Northshore Magazine

March 2016

Northshore magazine showcases the best that the North Shore of Boston, MA has to offer.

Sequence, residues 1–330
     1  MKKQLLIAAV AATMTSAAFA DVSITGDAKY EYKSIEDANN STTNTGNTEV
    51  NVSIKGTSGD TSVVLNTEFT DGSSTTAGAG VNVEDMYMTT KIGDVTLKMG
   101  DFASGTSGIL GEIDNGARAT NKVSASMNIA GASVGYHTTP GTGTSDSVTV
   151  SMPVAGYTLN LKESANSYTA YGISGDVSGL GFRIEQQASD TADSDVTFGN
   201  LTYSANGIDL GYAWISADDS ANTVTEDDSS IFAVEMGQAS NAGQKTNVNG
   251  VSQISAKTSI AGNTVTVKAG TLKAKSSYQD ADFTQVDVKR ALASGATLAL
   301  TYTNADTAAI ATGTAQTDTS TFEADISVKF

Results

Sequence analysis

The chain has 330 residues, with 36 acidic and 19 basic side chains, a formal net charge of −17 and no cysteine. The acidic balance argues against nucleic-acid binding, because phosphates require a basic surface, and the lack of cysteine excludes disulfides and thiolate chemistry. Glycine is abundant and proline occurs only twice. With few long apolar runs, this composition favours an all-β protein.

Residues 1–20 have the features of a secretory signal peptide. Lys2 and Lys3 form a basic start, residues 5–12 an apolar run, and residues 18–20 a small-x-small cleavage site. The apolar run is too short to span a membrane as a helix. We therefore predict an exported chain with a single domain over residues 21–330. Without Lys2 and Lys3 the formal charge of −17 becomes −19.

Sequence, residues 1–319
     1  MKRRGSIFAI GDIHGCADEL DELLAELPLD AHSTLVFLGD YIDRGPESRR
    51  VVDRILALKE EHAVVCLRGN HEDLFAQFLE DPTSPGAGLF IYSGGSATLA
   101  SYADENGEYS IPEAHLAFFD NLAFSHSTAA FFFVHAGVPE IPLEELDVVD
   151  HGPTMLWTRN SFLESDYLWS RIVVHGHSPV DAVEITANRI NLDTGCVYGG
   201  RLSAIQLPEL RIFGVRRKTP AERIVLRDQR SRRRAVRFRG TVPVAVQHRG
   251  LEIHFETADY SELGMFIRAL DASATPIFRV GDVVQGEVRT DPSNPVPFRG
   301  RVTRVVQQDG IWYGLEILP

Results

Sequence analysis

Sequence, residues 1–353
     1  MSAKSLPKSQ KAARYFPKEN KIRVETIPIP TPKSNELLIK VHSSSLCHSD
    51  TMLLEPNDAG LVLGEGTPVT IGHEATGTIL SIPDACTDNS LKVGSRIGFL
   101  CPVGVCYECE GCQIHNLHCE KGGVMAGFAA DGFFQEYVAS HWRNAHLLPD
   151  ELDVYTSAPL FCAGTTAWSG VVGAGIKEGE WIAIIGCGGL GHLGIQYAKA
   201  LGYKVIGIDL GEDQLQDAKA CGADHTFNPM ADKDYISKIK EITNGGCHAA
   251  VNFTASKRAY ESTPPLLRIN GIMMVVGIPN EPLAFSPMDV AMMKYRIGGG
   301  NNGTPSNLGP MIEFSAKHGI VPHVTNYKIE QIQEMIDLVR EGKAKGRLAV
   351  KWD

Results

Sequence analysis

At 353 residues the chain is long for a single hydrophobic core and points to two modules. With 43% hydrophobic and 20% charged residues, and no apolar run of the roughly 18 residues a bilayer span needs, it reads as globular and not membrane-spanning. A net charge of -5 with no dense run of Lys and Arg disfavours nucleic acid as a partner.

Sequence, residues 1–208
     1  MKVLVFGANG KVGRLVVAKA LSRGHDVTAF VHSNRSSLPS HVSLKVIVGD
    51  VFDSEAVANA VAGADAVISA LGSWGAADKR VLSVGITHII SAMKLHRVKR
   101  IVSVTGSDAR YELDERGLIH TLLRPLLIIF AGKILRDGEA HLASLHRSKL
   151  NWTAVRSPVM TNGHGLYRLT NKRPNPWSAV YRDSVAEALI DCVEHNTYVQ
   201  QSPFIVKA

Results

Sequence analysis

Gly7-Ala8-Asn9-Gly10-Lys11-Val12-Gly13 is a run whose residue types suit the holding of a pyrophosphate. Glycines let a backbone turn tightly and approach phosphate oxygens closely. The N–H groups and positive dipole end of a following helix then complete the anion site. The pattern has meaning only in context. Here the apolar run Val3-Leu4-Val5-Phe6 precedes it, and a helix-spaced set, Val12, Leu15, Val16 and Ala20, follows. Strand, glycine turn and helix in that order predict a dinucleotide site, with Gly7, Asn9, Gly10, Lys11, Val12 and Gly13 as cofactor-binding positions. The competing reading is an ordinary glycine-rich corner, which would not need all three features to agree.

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32 | MARCH 2016 nshoremag.com MEDIAN 68 1/2 Aborn St., 3 bd., 1 ba., 1,067 sq. ft., Lot 8,276 sq. ft. PRICE $280,000 AGENT Century 21 North Shore HIGH END 46 Hampshire Rd., 3 bd., 3 ba., 1,775 sq. ft., 0.33 acre PRICE $529,900 AGENT Boston Hub Real Estate Real Estate Peabody Date of settlement 1626 Date incorporated as a city 1916 Area 16.8 square miles Population 51,251 ZIP code 01960 Household income $65,515 plans for its centennial celebra- tion. Dubbed "Peabody 100," the festivities will kick off May 15 with a Food Truck Festival at the historic Brooksby Farm, and continue with a Stars and Stripes summer concert on July 23 and a centennial pa- rade on October 2. The events will continue into 2017, with a centen- nial birthday party at City Hall on January 2 and a grand ball at the Northshore Mall on May 7. As Peabody residents prepare for their year-long centennial celebration, there's plenty to do and see in the meantime. One of the city's hidden gems is certainly the Peabody Institute Library, which has renovated much of its interior over the past several years. "I think they might be really surprised if they stop into the li- brary," says library director Martha Holden. "It's a comfortable, inviting space, and it's loaded with little treasures, little things you might not expect in a public library." For instance, the library has a prized and rare set of 435 of John James Audubon's elephant folio THE DETAILS photograph by Robert Boyd (above) At Peabody's 160-year-old library, you'll find not only books and a vi- brant makerspace but also treasures of the art world, such as rare Audu- bon prints, on display. A fleet of food trucks from around New England will be rolling into town this May. And a pop-up pub and café have enlivened downtown with beer, cof- fee, and pastry, as well as outdoor activity, making Peabody a wonder- ful combination of the historic and the contemporary. This year will shine a light on that character as the small city celebrates the centen- nial of its 1916 incorporation, while continuing to revamp its downtown and bring a new modernity and vibrancy to its streets. "Peabody has a renewed focus on itself. That change is palpable," says Deanne M. Healey, IOM, president and CEO of the Peabody Area Cham- ber of Commerce. "More organiza- tions are working together for a common goal. We're trying to take advantage of partnerships and play- ing off each other's strengths." That renewed focus is evident in the city's continued work with its Main Street realignment project, which is slated to be completed this year and aims to make the street safer and more user-friendly for both pedestrians and drivers. After reducing the number of driving lanes from four to two, the city will next move its Soldiers and Sailors Civil War monument closer to the courthouse and create a four-way in- tersection, as well as outdoor plazas, Healey says. "It's safer, it feels more comfort- able," Joan Morrissey of the Peabody Downtown Association says of the changes. "It feels more like home. It's such a comfortable, homey com- munity feel." The appreciation of both old and new is also evident in Peabody's The infrastructure of downtown Peabody has undergone a major reconfiguration.

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